When I was in the Philippines back in June, I had a chance to talk to my grandma about giving money to charities. At that time, the majority of my donations have been going to environmental advocacy groups and to local non-profits. But what she was telling me was that I should try and think about giving more effectively, to think about how a little money can go a long way in poorer countries like the Philippines. That way, she said, my donations would have a more significant impact on people’s lives.
It was hard to swallow because the non-profits I’ve been donating to are local, and I love that they: support the people around me, work on things that personally I care about, and improve life around my city. I feel good when the money I give goes directly to my immediate environment. It feels more tangible. More real.
But she was right. My grandma forced me to think about why I was donating in the first place, and to think about the opportunity costs of donating my money to one charity instead of another. With money being a finite resource, wouldn’t it be better if it went to people who need it the most? Should I really choose charities based on things that I have an emotional attachment to and make me feel good instead of giving to charities that can actually do more good?
Take malaria, for example. I don’t know anyone who’s had malaria, I don’t know what it feels like to have malaria, and the community around me doesn’t get malaria. (Although certain parts of the Philippines do.) I have no emotions towards malaria whatsoever, and yet it continues to be one of the leading causes of death in the developing world.
Malaria is one of the most severe public health problems worldwide. It is a leading cause of death and disease in many developing countries, where young children and pregnant women are the groups most affected.CDC’s Report on Malaria’s Impact Worldwide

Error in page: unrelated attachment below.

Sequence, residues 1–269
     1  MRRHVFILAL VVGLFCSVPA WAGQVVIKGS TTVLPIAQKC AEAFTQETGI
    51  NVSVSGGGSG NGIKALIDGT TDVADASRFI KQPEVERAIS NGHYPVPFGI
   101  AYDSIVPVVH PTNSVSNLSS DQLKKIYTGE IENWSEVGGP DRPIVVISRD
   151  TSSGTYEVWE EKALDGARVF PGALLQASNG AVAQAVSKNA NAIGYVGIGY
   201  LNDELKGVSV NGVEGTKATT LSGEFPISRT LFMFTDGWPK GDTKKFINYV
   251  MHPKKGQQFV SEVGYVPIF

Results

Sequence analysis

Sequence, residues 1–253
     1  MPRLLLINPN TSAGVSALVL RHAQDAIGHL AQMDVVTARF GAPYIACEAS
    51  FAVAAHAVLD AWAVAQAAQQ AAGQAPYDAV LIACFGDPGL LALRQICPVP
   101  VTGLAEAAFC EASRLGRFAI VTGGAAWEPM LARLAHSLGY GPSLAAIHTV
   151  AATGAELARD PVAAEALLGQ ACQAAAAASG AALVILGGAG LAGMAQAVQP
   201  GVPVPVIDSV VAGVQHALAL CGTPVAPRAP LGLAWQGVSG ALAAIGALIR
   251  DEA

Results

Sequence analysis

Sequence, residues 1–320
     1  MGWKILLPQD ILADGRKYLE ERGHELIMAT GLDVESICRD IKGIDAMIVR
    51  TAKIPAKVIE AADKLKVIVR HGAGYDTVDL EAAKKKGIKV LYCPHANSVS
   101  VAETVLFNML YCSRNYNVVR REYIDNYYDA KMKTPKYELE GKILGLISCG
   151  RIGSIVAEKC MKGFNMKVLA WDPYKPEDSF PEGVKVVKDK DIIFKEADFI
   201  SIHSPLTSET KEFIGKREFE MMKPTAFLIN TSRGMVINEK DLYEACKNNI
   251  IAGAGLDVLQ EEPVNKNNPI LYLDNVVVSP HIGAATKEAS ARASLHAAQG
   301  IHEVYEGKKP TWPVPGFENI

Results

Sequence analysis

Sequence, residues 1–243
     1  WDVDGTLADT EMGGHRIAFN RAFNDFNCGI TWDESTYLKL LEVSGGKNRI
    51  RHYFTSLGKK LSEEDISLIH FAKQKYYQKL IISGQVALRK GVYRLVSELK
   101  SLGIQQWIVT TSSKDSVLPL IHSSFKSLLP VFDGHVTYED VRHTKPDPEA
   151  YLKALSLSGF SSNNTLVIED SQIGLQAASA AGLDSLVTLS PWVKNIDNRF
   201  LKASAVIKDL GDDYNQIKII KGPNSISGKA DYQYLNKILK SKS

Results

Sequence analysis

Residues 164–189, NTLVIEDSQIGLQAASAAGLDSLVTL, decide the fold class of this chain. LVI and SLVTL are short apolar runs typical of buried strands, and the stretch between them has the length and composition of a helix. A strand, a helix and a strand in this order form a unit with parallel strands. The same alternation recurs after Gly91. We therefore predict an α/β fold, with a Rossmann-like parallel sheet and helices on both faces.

So knowing that it’s a deadly disease and knowing that the solutions are proven to work and are low-cost (see long-lasting insecticide-treated nets and seasonal malaria chemoprevention), why wouldn’t I direct my money to that cause?
Of course, I’m not saying that “having the most impact” should be the only criteria that people should use for choosing a charity, and I’m not saying that local charities aren’t worth giving your money to. People’s donations can be shaped by the community around them and their experiences in life. But for someone like me who wants to stretch out every dollar to reach as many people as I could, I think this benchmark makes the most sense. (I don’t actually believe that my money will literally land on the hands of the people in need or be used out there in the field because organizations need to compensate people, do research, do outreach, etc. There are overhead costs, and that can be a good thing.)
But still, I’ve been hesitant. I can’t help but struggle with thoughts of not giving to causes that I have a personal connection to. But I’ve come to terms with it by reminding myself that I don’t have much to give away (therefore I want it to be focused on something that will likely work and get the most “bang for my buck”), and that I shouldn’t value people’s lives differently just because they live in the same country or have had the same experiences as I have.
So, I’ve been thinking about it, and I’ve decided to focus 100% of my donations to GiveWell’s discretion because they have the resources to make decisions on which charities are the most effective and which charities have room for more funding. What they do is they take this money and distribute 100% of it to the short list of charities that need it the most. They do a lot of research on cost-effectiveness and impact, so that gives me confidence that the money is going to the right places.
I’ve also decided to bump my donations from 1% to 3% of my pre-tax income.
I’m glad that I got to take a second look at my assumptions and challenge my thinking on giving. I think this is a step in the right direction, but I’m always open to changing my mind as I learn new things. If you can relate to this experience of not knowing where to give, I hope you find this at least a little bit helpful. Here’s a good starting point: Giving 101.